Mental Health in the Workplace

Mental Health at Work

“60% of employees have experienced a mental health problem due to work or where work was a contributing factor at some point in their career.” Mental Health at Work Report 2017.

 

Wednesday 10th October was World Mental Health Day and the focus for 2018 was on mental health in the workplace. It got people talking, it got businesses thinking and it raised awareness. But there’s more work to be done.

 

“At least one in six workers is experiencing common mental health problems, including anxiety and depression.” Mind.

 

Let’s look at the statistics

 

The Mental Health at Work Report (2017) found that just over half of employees felt comfortable talking about mental health issues at work and just 13% of employees spoke to their line manager or HR about mental health issues. These stats are a slight improvement on 2016, but the same problem remains – people are afraid to speak out. This is just a glimpse of the research.

 

“We all have mental health”

 

So why aren’t employees speaking out? It’s not helped by a word beginning with ‘s’ – stigma. Mental health issues have long had a stigma attached creating fear that speaking out will result in a negative consequence. A recent study supports this which found that, “40% of Scottish workers wouldn’t talk openly about a mental health problem for fear it would affect their job prospects or job security” (Mental Health Foundation, 2017).

 

But it shouldn’t be that way! As the Mental Health at Work Report 2017 states, “We all have mental health…most of us experience poor mental health at some time in our lives”.

 

The real consequence of not speaking out

 

It’s bad news for employees and employers. Mind’s research found that more than one in five employees called in sick to avoid work due to workplace stress, while 14% had resigned and 42% had considered resigning. In 2017, “Depression (21%) [was] the most commonly reported diagnosis” according to the Mental Health at Work report.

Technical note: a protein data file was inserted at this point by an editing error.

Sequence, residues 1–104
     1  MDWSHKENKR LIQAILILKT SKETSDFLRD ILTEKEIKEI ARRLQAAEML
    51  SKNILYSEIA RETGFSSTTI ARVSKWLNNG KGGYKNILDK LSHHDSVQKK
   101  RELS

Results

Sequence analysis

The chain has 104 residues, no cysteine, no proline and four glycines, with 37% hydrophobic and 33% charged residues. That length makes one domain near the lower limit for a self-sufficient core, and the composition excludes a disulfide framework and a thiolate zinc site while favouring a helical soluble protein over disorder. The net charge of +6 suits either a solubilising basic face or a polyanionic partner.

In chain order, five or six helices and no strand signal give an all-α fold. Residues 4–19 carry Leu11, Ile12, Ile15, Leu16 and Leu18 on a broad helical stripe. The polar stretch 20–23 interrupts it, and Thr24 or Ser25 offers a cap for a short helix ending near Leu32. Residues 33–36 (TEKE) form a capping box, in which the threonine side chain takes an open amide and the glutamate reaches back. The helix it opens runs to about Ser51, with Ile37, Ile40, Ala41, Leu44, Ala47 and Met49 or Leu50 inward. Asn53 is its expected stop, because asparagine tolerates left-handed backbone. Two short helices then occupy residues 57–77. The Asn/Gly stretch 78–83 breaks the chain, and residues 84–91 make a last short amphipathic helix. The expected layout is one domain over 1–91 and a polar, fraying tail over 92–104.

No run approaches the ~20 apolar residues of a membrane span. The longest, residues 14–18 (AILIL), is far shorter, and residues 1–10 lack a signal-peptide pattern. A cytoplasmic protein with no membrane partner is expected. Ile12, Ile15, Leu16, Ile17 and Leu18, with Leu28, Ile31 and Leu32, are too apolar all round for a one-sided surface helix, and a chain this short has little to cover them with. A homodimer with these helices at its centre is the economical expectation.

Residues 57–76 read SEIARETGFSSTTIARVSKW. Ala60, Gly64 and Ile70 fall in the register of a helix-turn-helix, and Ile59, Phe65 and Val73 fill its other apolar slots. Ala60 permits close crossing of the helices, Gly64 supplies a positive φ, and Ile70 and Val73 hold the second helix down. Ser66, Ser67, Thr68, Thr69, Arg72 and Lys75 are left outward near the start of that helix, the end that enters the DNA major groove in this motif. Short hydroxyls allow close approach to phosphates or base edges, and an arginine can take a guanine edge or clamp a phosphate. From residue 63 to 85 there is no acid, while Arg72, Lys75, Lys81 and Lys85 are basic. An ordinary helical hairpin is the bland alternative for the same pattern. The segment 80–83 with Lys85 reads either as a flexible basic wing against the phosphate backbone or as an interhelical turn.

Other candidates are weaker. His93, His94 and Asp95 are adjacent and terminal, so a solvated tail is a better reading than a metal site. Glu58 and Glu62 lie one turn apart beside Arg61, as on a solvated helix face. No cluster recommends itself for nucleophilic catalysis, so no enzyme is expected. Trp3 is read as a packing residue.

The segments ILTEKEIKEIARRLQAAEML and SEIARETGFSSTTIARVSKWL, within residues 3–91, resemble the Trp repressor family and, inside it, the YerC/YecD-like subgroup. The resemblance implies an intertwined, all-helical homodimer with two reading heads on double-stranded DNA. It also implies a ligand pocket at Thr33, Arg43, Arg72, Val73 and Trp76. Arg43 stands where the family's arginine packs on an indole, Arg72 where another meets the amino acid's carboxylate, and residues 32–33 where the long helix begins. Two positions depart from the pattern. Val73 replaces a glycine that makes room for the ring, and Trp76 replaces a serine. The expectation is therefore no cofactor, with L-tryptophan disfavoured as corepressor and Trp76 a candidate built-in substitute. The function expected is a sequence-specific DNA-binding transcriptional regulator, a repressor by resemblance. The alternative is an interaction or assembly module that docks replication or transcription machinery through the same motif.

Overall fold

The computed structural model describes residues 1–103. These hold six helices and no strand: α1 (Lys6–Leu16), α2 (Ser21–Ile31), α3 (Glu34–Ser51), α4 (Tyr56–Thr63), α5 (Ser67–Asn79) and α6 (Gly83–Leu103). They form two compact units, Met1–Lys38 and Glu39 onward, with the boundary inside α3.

Then there’s the cost implications for employers…a whopping £34.9 billion or £1,300 for every UK employee in just one year, according to the Centre for Mental Health.

 

Don’t suffer in silence

 

The New Economic Foundation developed ‘Five Ways to Wellbeing’ – five steps based on research aimed to improve wellbeing. They are:

  1. Connect
  2. Be active
  3. Take notice
  4. Keep learning
  5. Give

 

Mind also has lots of top tips for looking after your mental health at work.

 

It’s important to take care of yourself and if you’re struggling, talk to someone. There’s no shame in asking for help, nor should you feel embarrassed. You know the saying – ‘a problem shared is a problem halved’.

 

Time for action

 

“56 per cent of employers said they would like to do more to improve staff wellbeing but don’t feel they have the right training or guidance.” Mind.

 

It’s easy to say more needs to be done, but what can companies do to address mental health issues?

 

The Mental Health Foundation has created a checklist for employers outlining four ways to address mental health issues in the workplace, including making sure wellbeing is a core part of the organisation and strengthening line management relationships. Mind also has a wealth of information dedicated to promoting wellbeing in the workplace.

 

While World Mental Health Day is over for another year, mental health issues and the stigma surrounding them continue. So, let’s keep the conversation going and give mental health the awareness it deserves.